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Palace letters show Queen is out of place in Australian politics

Republicans who want Australia to sever ties with the monarchy were hoping the letters would discredit the Queen by showing she had interfered in Australia’s domestic affairs and chosen sides in the dispute.


Expectations of major revelations were raised because Buckingham Palace was opposed to making the letters public.

A quick reading suggests the Queen’s fingerprints are not on the weapon and she was not involved directly at the decisive moment of the dismissal. However the letters show that her private secretary knew what Kerr was considering and either tacitly accepted it or at least did nothing to dissuade him.

Kerr took very seriously indeed his responsibility to act as the Queen’s representative, to keep her informed and consult with her.

This is what sticks in our craw. The idea that a head of state in another country had any role, however ambiguous, in Australian politics already seemed outdated in 1975 and it is even more so now that our ties with Britain have atrophied.

The political decisions we face in this nation should be taken in Australia by Australians.


The Age has long believed that Australia should one day become a republic, and the evidence of Kerr’s voluminous consultations with the Palace on his approach to Australian domestic politics only confirms that belief.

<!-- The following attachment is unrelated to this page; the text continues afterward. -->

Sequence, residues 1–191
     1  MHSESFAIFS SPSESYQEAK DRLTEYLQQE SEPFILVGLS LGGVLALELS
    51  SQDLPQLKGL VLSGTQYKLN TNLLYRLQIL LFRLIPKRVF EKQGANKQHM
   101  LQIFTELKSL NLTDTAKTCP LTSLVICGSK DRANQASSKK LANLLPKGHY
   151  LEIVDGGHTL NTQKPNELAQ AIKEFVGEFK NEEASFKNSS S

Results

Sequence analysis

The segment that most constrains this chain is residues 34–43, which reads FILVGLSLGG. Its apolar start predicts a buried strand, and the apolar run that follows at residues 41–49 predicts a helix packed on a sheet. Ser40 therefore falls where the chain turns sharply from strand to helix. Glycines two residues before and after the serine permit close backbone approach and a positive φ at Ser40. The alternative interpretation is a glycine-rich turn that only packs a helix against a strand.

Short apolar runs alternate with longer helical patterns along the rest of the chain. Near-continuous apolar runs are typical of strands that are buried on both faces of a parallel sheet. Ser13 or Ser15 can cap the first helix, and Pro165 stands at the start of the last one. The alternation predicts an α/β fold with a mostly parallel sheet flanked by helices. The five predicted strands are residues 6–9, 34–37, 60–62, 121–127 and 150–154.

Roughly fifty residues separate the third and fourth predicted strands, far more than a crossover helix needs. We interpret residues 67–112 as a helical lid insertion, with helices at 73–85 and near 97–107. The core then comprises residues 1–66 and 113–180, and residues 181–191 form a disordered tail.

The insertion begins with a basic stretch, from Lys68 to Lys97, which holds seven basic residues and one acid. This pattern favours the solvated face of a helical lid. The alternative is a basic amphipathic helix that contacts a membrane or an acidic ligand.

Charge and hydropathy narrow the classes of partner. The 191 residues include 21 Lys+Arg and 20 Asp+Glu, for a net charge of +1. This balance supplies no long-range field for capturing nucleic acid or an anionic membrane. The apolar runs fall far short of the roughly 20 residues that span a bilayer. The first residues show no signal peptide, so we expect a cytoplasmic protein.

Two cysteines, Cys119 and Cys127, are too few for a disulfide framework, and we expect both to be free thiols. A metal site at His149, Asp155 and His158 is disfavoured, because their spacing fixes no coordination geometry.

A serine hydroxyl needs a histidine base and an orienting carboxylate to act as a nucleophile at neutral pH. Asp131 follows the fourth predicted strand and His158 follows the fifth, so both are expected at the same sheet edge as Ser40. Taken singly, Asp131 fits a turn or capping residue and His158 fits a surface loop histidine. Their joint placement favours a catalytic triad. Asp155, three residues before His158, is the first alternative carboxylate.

The timing of a republic, however, is difficult, and any shift should probably be delayed until the Queen’s extraordinary reign ends.

The first step should be to resolve the model for appointing the president of a future Australian republic. The referendum in 1999 failed because many republicans were sceptical about appointing a president with a two-thirds majority of Parliament and wanted a direct popular election.

A future republican constitutional convention could also consider the very wide reserve powers that still today allow a governor-general to dismiss a prime minister who enjoys a majority in the House of Representatives.

It could also consider whether the Senate, which is intended as a house of review and is not a reflection of the will of the majority, should have the power to block the government’s budget.

Without bipartisan political support, any referendum on a republic introduced in the near future is unlikely to yield a different result.

It is also questionable whether the republic should be the priority for constitutional reform since the campaign could easily distract from the push for an Indigenous Voice to Parliament.

While cutting our ties to Britain would help define us, the more urgent task is to acknowledge in the constitution the unique place of Indigenous Australia in our nation.

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